The C99 standard §22.214.171.124 (realloc) says:
The realloc function deallocates the old object pointed to by ptr and returns a
pointer to a new object that has the size specified by size. The contents of the new
object shall be the same as that of the old object prior to deallocation, up to the lesser of
the new and old sizes. Any bytes in the new object beyond the size of the old object have
If ptr is a null pointer, the realloc function behaves like the malloc function for the
specified size. Otherwise, if ptr does not match a pointer earlier returned by the
calloc, malloc, or realloc function, or if the space has been deallocated by a call
to the free or realloc function, the behavior is undefined. If memory for the new
object cannot be allocated, the old object is not deallocated and its value is unchanged.
The realloc function returns a pointer to the new object (which may have the same
value as a pointer to the old object), or a null pointer if the new object could not be
Note that the old object is deallocated; the new object may happen to point to the same location as the old. And there could be problems. It is pretty unlikely, but it is far simpler to go with a rule 'always' than to have odd exceptions.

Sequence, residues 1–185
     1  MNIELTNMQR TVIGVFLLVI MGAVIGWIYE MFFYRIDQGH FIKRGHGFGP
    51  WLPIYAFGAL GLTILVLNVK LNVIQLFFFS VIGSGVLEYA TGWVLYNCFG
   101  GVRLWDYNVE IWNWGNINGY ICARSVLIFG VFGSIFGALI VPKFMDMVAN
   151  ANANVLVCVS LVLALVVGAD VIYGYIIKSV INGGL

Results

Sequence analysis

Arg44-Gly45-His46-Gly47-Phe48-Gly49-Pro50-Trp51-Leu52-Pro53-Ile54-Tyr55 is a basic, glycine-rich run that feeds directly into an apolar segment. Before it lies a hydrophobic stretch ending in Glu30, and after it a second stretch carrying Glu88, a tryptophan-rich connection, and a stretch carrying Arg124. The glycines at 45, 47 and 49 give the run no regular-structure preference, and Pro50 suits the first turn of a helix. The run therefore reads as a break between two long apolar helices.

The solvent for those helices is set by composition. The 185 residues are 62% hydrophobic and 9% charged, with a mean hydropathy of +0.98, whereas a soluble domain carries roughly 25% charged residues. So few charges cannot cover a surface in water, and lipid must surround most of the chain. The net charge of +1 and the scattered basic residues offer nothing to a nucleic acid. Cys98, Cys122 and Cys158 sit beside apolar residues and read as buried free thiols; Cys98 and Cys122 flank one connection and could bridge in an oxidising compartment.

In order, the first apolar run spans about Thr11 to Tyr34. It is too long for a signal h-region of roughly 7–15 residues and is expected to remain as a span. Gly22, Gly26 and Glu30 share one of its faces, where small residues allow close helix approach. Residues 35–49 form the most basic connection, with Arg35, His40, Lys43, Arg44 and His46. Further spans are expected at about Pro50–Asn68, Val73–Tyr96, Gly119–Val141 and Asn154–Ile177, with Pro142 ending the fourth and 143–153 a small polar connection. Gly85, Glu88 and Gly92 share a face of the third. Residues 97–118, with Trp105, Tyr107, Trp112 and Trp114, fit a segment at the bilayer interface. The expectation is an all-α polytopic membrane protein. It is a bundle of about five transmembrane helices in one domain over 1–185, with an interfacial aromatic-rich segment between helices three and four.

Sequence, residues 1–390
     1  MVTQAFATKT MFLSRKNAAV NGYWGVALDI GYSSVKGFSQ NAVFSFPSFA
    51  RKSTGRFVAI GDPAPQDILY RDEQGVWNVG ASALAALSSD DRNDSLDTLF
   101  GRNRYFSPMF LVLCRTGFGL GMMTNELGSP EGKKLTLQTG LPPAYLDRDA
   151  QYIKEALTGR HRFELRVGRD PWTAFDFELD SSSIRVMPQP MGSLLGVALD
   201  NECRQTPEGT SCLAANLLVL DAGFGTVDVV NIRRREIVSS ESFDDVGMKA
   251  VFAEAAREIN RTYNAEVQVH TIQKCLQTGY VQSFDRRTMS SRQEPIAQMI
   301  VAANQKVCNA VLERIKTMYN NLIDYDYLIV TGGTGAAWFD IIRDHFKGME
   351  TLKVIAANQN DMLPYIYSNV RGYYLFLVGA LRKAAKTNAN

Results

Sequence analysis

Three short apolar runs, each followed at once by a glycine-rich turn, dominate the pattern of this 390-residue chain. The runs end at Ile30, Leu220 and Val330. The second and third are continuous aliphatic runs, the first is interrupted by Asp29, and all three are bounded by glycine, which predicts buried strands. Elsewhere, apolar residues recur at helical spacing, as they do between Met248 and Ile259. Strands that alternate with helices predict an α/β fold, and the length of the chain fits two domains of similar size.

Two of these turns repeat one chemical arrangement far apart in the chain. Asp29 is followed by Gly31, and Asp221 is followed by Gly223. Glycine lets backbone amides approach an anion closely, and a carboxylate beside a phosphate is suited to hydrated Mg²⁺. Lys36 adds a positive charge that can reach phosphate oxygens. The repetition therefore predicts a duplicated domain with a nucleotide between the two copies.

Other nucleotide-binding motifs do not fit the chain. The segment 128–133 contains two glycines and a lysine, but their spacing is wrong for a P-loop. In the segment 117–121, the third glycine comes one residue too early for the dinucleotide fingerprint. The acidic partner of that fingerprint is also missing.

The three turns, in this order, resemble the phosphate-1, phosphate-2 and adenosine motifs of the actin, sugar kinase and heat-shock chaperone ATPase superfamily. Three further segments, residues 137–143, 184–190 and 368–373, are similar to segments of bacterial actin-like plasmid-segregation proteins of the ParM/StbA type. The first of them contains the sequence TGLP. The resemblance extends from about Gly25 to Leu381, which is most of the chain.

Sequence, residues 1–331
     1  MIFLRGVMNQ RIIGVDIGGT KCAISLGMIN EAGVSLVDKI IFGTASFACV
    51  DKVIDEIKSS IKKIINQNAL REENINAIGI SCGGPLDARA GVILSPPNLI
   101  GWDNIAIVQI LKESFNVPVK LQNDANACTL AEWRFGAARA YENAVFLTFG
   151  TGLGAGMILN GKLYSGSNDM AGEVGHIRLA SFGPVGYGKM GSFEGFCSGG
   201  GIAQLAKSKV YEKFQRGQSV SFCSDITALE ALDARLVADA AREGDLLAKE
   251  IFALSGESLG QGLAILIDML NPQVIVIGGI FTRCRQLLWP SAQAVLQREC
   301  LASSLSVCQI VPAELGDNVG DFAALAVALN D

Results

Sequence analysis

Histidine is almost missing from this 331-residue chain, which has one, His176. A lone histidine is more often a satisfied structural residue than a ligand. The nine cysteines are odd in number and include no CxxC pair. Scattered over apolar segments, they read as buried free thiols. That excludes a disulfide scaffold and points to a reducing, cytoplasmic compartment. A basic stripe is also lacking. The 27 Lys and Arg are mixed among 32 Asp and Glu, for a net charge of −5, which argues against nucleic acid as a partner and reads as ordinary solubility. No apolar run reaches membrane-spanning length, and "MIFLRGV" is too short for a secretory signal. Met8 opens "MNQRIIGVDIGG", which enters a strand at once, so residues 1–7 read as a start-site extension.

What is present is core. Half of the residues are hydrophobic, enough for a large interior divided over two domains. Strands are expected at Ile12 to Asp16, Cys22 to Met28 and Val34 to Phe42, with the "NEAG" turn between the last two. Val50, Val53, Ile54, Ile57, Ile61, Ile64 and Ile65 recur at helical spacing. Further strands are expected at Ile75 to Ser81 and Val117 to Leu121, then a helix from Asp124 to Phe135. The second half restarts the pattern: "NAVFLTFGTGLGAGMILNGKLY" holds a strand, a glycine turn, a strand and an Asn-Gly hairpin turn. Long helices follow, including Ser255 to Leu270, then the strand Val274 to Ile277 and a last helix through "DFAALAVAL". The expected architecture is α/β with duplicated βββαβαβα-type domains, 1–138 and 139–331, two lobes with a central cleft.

The normal counter-argument is "if this cannot fail, it means I have an error path that I cannot test". Up to a point, that is true. However, it could be that there has been some trampling of the memory so that the allocation cannot succeed - because the control information has been corrupted. More likely you'll just get a core dump, but maybe the code is robust enough to be able to avoid that. (I assume the hard coded 100 and 50 are for purposes of asking the question; real life code would not over-allocate when it knows how much it really needs.)
Where the two calls to 'realloc()' are adjacent, as here, there is very little room for anything to go wrong. However, real life working code would have some operations in between the two - and that code could cause the second 'realloc()' to fail.
Regarding your 'Edit 2'...
The code might be better written as:
if (b != NULL)
a = b;
But the basic concept is OK. Note that the standard explicitly says that the original allocation is safe if the new one cannot be created.